Post-Race Injury Report
Surprisingly enough, I emerged from the Ironman relatively unscathed. I had some minor underarm chafing that went away really quickly, but aside from three inconsequential blisters on a couple toes, I was relatively injury-free. No bloody feet or nasty chafing scabs. I’ve gotten way more injuries and war wounds from shorter distance races. Weird.
The only exception was that, a few days after I got back home, I realized that two of my toenails had turned purple:
They don’t hurt at all — it’s more like someone broke into my house and painted a couple of my toenails while I slept. I’ve been told that the nails will eventually fall off. Grossness.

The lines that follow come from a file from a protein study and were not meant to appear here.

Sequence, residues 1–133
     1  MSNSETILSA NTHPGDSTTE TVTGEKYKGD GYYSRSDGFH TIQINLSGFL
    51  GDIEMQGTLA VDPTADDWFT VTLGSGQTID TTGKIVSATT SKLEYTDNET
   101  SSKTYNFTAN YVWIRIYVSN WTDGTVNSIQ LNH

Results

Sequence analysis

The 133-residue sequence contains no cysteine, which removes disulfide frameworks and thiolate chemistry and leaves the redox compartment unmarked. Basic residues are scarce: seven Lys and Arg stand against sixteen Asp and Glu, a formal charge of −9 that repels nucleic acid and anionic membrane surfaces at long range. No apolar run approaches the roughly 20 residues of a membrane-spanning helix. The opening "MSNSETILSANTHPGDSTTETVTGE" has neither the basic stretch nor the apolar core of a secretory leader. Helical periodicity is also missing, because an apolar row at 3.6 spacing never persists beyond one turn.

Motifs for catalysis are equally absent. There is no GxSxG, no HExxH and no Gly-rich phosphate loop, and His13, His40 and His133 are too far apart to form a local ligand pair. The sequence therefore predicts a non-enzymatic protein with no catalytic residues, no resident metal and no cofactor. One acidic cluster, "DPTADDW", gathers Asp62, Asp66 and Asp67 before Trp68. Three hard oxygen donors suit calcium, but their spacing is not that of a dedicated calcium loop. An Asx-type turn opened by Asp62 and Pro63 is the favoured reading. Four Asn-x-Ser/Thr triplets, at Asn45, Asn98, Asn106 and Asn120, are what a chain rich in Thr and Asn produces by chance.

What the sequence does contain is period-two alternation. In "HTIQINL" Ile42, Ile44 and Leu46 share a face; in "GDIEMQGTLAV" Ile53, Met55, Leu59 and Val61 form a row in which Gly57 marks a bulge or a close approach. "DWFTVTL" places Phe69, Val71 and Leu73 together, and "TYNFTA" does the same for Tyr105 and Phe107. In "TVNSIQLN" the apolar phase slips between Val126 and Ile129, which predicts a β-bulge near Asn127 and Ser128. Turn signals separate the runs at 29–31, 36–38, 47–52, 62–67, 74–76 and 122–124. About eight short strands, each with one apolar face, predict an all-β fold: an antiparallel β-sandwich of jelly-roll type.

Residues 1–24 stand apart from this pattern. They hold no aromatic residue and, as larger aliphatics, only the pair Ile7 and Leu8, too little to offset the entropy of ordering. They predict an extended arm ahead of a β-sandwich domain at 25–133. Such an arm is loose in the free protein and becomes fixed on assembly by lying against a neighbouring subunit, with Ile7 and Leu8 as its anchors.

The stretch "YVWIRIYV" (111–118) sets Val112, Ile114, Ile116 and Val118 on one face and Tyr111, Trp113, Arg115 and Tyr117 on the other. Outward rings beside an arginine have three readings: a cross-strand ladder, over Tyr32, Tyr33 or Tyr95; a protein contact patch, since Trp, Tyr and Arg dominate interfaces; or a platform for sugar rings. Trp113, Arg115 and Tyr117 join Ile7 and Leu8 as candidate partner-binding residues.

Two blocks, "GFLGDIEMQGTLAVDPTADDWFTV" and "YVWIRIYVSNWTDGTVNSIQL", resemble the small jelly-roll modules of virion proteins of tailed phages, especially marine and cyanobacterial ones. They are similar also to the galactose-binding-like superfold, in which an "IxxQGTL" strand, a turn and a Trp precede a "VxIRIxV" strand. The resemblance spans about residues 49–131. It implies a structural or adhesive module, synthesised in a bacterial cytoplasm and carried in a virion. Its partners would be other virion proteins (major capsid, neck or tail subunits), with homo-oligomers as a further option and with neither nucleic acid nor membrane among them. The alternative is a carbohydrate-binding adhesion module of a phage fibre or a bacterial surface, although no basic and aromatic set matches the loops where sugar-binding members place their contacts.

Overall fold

If you made it all the way to the end, congratulations, it still didn’t take you as long to read this as it did for me to live it. My body healed up pretty quickly after the race — by Wednesday I didn’t feel sore any more, and minus the purple nurple toenails and my fading cluster of back zits, I’m mostly good as new (other than the stupid cold Jason gave me *shakes fist*). It still feels weird that I am now an Ironman — I’m still having that out of body feeling. I spent so long training for it that once it finally came and went, it felt like an instant compared to how long I spent preparing for it. No worries though — I have tons of pictures and great memories of the race, not to mention a rather unique finisher’s hat that only a Mediocre Athlete would receive:
Yes, my finisher’s hat was printed upside down. Here’s another photo of it: